Of all these great features, which if any have the most power to predict the grade of a gold resource? The RReliefF algorithm scores features for just that purpose and for our newly appended dataset, the top five features are lithosphere depth and my four near-logy features. That said, the extensive lithology data I appended still makes a positive contribution to the end result.

Next step is to train an algorithm to produce a predictive model and assess that model’s precision. After a little experimentation, I chose the AdaBoost algorithm (regressor using decision trees) for the task. It’s job is to identify relationships between gold resource grades and their corresponding feature data. Through a method called 5-fold Cross Validation, I iteratively hide 1/5th of the data from the algorithm, allow it to produce a predictive model from the remaining data, feed the hidden feature data through the newly produced model, then compare the model predictions of gold grade with the known values. This is repeated such that each fifth of the data has a turn being hidden.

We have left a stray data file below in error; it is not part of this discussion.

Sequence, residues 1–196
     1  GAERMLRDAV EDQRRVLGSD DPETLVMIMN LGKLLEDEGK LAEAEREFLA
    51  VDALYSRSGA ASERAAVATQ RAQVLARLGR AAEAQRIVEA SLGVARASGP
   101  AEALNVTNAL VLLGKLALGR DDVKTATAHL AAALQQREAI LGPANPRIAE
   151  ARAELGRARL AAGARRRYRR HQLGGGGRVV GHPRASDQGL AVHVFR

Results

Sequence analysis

So how do the models produced by this algorithm perform? Not bad! Below is a scatter plot from my 5-fold Cross Validation exercise. Each point plots the actual grade for one of the gold resources in the dataset against its predicted grade (when it was hidden from the algorithm). There’s still lots of noise in there, but some signal, as well. We’ve seen the high variability in the gold grade data in those charts above. The algorithm is giving me models that can explain away about 40% of that variability*.

*I'm making this claim after using a Box-Cox Transformation to re-shape the data into a nearly Gaussian Distribution and comparing Mean Absolute Deviation of the actual and predicted grades.

I am providing access to my predictive model for gold resource grades via two tools. The first requires a user to input any pair of world coordinates in degrees longitude and latitude. Below is an example for a coordinate pair in the center of Nevada. The geographic features (i.e. geology, lithology, lithosphere depth, and near-ology scores) are computed automatically for that particular location and fed through the predictive model. The output is a pair of cumulative frequency curves. One is simply the frequency distribution of the raw MRDS data for gold resource grades (‘Raw’) for reference. The other is the predicted frequency distribution for the coordinates provided (‘ML Model’).